Just how expendable men are has varied with time. When the first Homo sapiens arrived in Europe forty-five thousand years ago as relatively egalitarian hunter-gatherers, about three women reproduced for every man. But with the advent of agriculture, this changed drastically. The need to secure territory and a complex division of labor created highly stratified societies in which a relatively small number of men could monopolize the land, resources, and power needed to support and maintain families. By about 6000 BC, the ratio of females reproducing versus males had risen to a staggering seventeen to one, and in the Middle Ages a single leader like Genghis Khan or Augustus the Strong could father hundreds of children. Indeed, polygamy has long been the norm in many societies around the world, and even where it has been banned by law, the tendency of high-status men to cycle through successive younger wives and mistresses has long meant that it continued in practice. Recent centuries have seen a more reasonable reproductive ratio of four to one, but no matter how you slice it, the fact remains that of all the men who have ever lived, the majority of them have left no trace in the human gene pool.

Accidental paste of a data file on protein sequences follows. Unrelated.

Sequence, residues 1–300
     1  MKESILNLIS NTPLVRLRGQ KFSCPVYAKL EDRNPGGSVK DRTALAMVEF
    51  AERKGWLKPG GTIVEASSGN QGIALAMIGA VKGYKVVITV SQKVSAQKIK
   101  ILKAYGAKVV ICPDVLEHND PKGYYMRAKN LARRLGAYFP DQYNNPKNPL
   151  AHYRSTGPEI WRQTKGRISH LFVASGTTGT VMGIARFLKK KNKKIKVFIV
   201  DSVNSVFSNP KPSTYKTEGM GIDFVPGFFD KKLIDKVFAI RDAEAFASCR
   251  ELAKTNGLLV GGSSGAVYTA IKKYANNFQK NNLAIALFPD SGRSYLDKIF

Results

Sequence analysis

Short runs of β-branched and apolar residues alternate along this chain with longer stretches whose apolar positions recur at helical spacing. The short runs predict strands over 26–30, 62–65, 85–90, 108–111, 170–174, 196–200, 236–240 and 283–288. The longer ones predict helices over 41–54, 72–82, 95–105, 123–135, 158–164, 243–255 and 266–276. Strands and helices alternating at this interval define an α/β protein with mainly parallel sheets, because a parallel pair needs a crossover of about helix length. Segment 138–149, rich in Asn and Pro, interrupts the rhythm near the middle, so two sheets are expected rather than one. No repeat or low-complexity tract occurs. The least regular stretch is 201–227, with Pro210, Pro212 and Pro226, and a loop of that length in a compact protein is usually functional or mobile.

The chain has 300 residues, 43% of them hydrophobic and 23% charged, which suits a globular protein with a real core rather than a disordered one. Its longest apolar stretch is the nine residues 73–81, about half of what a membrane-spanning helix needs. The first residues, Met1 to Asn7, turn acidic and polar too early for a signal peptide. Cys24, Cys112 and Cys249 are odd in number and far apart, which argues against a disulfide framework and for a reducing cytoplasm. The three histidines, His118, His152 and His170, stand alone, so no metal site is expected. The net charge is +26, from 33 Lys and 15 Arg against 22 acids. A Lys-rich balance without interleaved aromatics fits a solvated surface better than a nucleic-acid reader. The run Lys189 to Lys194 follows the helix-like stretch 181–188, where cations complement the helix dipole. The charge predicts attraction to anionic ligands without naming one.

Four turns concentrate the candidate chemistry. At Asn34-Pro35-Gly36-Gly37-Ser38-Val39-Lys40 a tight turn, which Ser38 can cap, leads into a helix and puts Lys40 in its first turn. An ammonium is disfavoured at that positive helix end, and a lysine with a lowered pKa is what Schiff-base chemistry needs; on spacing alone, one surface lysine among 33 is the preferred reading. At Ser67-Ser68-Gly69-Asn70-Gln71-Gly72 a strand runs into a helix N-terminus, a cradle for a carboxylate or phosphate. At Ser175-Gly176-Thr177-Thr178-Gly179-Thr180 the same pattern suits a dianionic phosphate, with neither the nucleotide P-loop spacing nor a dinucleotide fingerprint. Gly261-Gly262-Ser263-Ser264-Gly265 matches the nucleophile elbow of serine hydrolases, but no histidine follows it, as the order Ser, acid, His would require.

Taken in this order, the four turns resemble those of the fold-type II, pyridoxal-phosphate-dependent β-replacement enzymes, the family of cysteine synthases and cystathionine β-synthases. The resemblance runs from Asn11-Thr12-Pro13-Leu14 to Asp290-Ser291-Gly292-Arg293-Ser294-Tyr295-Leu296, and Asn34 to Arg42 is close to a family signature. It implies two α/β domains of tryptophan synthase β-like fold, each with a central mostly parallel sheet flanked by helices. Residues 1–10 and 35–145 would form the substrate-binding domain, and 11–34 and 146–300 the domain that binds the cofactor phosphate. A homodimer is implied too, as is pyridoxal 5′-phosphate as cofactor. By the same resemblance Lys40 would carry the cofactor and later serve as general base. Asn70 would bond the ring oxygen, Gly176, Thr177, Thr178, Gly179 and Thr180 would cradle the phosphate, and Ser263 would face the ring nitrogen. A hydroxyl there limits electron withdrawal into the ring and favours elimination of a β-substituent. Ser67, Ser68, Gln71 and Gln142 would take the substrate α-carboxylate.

Of course, all these men who weren’t reproducing did not just disappear into the ether. They cleared forests and dug ditches, plowed fields and laid bricks, their bones mixed into the mortar of civilization’s monuments. The more fortunate were sequestered into the clergy or sent away to distant posts and expeditions. Ships and caravans full of convicts, orphans, and younger sons with no chance of inheritance regularly embarked in search of new lands and wealth—many never to return. And most importantly, nearly every generation in history sent its young men to kill each other by the thousands in order to defend its frontiers—or expand them. These high-risk, high-mortality ventures, when successful, served to increase a society’s power and resources, securing an advantage for its ruling class over their neighbors and rivals. But even those ending in failure served a no less important purpose precisely by providing an outlet for excess men. An overabundance of unattached young men, or “bare branches” as they’re known in China, has long been recognized as a threat to stability. As Chatham House notes, “men who are disenfranchised from the established social order because they lack the necessary skills, education, or socioeconomic standing to compete in the marriage market are more likely to engage in risky and criminal behaviour to obtain the resources denied to them.” And when such men begin to congregate in large groups, organized crime, religious sectarianism, and civil unrest are usually not far behind.